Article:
To integrate new evidence into the Canadian Asthma Management Continuum diagram, encompassing both pediatric and adult asthma.
The Canadian Thoracic Society Asthma Committee members, comprised of experts in pediatric and adult respirology, allergy and immunology, emergency medicine, general pediatrics, family medicine, pharmacoepidemiology and evidence-based medicine, updated the continuum diagram, based primarily on the 2008 Global Initiative for Asthma guidelines, and performed a focused review of literature pertaining to key aspects of asthma diagnosis and management in children six years of age and over, and adults.
In patients six years of age and over, management of asthma begins with establishing an accurate diagnosis, typically by supplementing medical history with objective measures of lung function. All patients and caregivers should receive self-management education, including a written action plan. Inhaled corticosteroids (ICS) remain the first-line controller therapy for all ages. When asthma is not controlled with a low dose of ICS, the literature supports the addition of long-acting beta2-agonists in adults, while the preferred approach in children is to increase the dose of ICS. Leukotriene receptor antagonists are acceptable as second-line monotherapy and as an alternative add-on therapy in both age groups. Antiimmunoglobulin E therapy may be of benefit in adults, and in children 12 years of age and over with difficult to control allergic asthma, despite high-dose ICS and at least one other controller.
The foundation of asthma management is establishing an accurate diagnosis based on objective measures (eg, spirometry) in individuals six years of age and over. Emphasis is placed on the similarities and differences between pediatric and adult asthma management approaches to achieve asthma control.
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Allergic sensitization, an important risk factor for allergic diseases such as asthma and rhinitis, has increased worldwide. Almost half of the young adult population is sensitized to common airborne allergens. Parallel, the prevalence of asthma and clinical allergy also increased all over the world. Allergic diseases are the most common diseases among children, adolescents and young adults in Sweden. Among adults, 8-10% have asthma, 30% rhinitis and 11% eczema. Among children and adolescents around 5-8% report food allergy. Part of the increase in asthma prevalence is related to changes in diagnostic criteria and increased awareness in the population. The increase may have levelled off in some areas.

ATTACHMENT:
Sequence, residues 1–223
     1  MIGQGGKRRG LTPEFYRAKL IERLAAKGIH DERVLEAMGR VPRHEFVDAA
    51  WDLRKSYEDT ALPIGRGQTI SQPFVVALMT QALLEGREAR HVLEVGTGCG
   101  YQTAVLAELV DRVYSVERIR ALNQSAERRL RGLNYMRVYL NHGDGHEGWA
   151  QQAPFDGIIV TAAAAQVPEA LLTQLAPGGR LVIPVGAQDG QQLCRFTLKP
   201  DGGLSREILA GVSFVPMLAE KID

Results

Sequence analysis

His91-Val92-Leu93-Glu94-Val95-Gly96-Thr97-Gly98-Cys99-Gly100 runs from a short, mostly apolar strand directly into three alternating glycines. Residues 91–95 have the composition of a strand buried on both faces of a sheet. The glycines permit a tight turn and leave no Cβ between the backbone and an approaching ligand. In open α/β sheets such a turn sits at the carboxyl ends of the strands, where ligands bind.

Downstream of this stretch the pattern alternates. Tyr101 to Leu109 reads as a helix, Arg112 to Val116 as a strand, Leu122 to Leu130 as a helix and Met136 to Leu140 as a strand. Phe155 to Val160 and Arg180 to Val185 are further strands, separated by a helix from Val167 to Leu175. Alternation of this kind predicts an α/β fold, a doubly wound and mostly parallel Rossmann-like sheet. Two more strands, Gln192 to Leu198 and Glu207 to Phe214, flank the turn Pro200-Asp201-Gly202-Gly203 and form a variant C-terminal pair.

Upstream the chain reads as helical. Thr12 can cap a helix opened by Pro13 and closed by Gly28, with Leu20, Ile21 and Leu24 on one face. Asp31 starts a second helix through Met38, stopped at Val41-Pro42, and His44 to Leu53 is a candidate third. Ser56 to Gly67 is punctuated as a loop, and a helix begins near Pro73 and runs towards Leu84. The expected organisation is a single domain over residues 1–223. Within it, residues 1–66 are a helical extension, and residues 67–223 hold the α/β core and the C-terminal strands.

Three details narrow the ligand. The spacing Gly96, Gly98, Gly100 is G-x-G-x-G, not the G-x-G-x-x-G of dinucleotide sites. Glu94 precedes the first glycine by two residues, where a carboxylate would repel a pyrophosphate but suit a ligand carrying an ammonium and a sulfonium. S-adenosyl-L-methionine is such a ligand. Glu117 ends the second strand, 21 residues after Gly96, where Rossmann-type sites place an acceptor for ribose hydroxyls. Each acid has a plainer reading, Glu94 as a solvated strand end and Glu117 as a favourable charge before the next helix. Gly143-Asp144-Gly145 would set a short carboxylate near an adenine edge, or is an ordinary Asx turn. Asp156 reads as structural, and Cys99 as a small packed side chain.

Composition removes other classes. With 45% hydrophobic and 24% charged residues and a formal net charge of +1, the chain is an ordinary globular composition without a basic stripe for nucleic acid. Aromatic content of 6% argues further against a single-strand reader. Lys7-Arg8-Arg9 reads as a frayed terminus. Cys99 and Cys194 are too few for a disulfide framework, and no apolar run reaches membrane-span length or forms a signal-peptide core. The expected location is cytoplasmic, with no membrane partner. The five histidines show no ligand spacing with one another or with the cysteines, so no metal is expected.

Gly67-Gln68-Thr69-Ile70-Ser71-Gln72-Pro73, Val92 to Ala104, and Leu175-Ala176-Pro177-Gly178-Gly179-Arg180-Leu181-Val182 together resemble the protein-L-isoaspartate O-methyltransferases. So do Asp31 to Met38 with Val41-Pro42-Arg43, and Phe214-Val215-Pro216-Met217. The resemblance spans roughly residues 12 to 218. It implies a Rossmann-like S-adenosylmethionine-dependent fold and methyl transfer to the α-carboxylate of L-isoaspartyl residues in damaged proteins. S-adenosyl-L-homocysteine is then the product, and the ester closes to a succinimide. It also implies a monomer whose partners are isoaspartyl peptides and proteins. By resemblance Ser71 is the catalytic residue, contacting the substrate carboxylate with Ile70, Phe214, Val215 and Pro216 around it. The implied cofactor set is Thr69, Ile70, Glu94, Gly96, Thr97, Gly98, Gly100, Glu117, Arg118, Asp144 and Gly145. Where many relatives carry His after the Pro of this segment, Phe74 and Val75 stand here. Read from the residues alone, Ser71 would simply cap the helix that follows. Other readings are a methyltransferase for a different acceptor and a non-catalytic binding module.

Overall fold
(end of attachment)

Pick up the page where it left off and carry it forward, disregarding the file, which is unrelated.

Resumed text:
The study explores the long-term trends in socioeconomic differences in height among young adult men. We linked information from conscript inspections to a longitudinal demographic database of five parishes in Southern Sweden. Detailed information on the occupation and landholding was used to investigate the differences in height. Even if there is indication of a reduction in the magnitude of the differences in height over time the reduction is neither dramatic nor uniform. The most systematic and consistent difference is that sons of fathers with white collar occupations were taller than others. They were 4cm taller than the sons of low-skilled manual workers in the first half of the 19th century, and almost 2cm taller in the mid-20th century. This difference is much smaller than those found between elite and destitute groups historically, in for example Britain, but comparable to that found in other studies on 19th century populations using information on family background. Most of the reduction in the socioeconomic differences in height was a result of reduced height penalty and premium for small disadvantaged and privileged groups. Changes in the distribution of income and the economic structure are plausible explanations for the changes in socioeconomic differences in height.